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Diagnosing & fixing unacceptably slow I/O performance

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  • #11
    The http://openbenchmarking.org/opc/1207...4#system_table page lists some of the things, and the model is Aspire 5740. Note that it's a dualcode CPU with hyperthreading, not a quadcore.

    Here's what the hdparm said:

    Code:
    /dev/sda:
     Timing cached reads:   5282 MB in  2.00 seconds = 2643.53 MB/sec
     Timing buffered disk reads: 242 MB in  3.00 seconds =  80.59 MB/sec
    Incidentally, after running the first set of PTS benchmarks and then running the SMART extended test, the biggest offender in slowness - the sound menu coming up - has gotten to be a bit quicker about it... so I ran benchmarks again last night, however the new results are inconclusive: http://openbenchmarking.org/result/1...AR-1207015AR38

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    • #12
      80 mb/s reads are average for a laptop HD. It may just be that it's that slow.

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      • #13
        If you want ssd speed just buy one. It's just that simple.

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        • #14
          Originally posted by Kano View Post
          If you want ssd speed just buy one. It's just that simple.
          Vadi is not talking about slow disk, he said there is a big lag... latency!

          Originally posted by Vadi View Post
          Opening Nautilus on the home folder takes a fair bit of disk grinding before it shows anything; open the gnome settings for sound takes eons of disk grinding and generally - anything that involves the HDD is unacceptably slow.

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          • #15
            Well time to read dmesg. Look at

            http://openbenchmarking.org/system/1...e-defrag/dmesg

            That shows lots of ext4 errors, maybe the hd is already bad. Also i would never install a 32 bit os on a new system. Certainly i would use 64 bit and boot it preferred via UEFI. Also you can try a new kernel.
            Code:
            wget -qO- http://kanotix.com/files/fix/mainline/install-3.5.sh|sudo sh
            Last edited by Kano; 07-11-2012, 06:54 AM.

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            • #16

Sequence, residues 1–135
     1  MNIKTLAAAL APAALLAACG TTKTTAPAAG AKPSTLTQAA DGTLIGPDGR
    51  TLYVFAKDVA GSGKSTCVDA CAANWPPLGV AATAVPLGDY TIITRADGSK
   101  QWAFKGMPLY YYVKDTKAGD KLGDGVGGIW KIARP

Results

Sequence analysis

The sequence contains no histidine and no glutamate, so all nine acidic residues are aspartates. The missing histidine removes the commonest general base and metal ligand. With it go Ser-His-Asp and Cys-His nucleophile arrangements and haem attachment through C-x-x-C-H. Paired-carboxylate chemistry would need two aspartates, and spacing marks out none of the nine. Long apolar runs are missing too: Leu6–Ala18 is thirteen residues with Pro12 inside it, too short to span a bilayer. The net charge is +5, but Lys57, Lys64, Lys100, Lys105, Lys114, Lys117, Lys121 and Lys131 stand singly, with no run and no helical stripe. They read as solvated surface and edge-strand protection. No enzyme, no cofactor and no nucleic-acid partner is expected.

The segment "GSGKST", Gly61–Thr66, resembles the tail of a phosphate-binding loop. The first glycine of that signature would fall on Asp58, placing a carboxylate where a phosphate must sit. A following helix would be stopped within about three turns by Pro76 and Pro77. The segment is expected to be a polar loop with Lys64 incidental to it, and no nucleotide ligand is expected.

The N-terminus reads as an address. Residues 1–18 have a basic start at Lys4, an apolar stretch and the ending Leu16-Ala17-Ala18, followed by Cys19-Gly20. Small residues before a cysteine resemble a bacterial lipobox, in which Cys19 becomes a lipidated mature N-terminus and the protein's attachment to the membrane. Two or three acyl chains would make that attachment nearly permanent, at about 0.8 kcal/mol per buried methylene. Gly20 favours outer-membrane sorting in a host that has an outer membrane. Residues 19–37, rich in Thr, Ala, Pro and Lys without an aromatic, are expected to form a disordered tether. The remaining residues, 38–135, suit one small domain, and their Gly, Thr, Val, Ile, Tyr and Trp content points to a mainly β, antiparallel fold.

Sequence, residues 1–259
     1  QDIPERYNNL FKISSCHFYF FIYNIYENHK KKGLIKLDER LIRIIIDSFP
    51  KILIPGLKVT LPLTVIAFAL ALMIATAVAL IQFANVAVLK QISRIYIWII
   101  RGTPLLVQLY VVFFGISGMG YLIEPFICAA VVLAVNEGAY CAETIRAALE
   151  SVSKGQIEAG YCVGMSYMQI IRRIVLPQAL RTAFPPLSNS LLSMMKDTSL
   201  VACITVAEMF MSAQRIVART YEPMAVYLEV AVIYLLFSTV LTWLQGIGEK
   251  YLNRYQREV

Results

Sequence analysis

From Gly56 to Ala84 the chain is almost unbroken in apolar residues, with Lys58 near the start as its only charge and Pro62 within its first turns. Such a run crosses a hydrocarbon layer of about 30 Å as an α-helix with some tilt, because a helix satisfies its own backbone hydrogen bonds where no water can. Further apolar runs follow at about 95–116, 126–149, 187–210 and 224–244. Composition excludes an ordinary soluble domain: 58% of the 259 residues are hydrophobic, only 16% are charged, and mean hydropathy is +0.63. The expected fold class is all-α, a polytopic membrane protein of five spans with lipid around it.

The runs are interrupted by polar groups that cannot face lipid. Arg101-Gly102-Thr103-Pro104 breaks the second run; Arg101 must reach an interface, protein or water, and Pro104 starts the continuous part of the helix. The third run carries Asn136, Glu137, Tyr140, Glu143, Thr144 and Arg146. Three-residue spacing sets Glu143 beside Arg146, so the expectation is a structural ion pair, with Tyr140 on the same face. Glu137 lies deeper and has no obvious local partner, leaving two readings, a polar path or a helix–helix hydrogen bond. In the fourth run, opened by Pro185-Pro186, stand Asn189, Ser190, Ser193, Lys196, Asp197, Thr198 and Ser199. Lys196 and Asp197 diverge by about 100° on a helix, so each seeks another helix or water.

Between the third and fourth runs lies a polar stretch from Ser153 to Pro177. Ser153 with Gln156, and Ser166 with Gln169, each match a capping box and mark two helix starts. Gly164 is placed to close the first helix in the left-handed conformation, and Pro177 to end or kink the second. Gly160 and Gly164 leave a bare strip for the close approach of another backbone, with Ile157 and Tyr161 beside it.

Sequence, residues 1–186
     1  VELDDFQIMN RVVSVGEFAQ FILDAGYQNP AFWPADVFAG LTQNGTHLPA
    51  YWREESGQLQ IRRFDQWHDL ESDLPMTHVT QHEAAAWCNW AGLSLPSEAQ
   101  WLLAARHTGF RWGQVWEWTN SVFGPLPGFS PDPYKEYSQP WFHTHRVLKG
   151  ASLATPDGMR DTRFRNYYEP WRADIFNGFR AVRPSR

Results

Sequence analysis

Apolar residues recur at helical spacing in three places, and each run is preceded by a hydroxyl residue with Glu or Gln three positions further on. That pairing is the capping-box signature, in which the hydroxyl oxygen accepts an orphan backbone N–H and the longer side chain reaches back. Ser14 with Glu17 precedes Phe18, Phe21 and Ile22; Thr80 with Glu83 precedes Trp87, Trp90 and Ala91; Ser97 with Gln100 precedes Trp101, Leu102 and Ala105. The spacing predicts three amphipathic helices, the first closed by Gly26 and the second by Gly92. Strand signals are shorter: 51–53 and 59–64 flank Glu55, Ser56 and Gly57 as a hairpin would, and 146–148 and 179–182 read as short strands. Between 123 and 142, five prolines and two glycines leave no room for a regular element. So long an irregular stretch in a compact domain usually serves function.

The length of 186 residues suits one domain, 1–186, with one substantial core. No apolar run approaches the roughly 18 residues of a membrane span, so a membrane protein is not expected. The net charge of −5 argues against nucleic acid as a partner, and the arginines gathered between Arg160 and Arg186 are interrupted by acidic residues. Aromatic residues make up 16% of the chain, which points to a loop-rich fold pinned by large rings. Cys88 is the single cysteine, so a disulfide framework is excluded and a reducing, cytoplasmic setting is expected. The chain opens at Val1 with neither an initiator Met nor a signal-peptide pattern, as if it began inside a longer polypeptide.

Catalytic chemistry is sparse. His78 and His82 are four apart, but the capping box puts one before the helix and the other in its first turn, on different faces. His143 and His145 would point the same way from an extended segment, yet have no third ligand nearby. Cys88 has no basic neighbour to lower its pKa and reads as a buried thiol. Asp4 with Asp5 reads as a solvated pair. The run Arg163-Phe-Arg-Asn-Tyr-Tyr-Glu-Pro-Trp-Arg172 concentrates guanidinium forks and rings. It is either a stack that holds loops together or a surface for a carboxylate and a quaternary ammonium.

Hm... would installing this kernel certainly fix the ext4 errors and not break the normal kernel updates Ubuntu does?

              I went with 32bit a while ago because of Flash issues - this is a system for a common user, and they didn't need 64bit of practically speaking, 32bit offered the better experience. It's changed since, but the system was just upgraded instead of being reinstalled.

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              • #17
                That kernel is much newer than the ubuntu default. So standard ubuntu kernels will never be default.

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                • #18
                  Alright - how would that address the problem however?

                  (I'd just like to understand what is happening and if this is necessary)

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                  • #19
                    Originally posted by Vadi View Post
                    Alright - how would that address the problem however?

                    (I'd just like to understand what is happening and if this is necessary)
                    There are ext4 fs errors. Just update the kernel to 3.5 with Kano's script, and see if it helps. The Ubuntu default kernel won't be uninstalled.

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                    • #20
                      Ah, right. You get to choose which one to load at start. I'll try that then.

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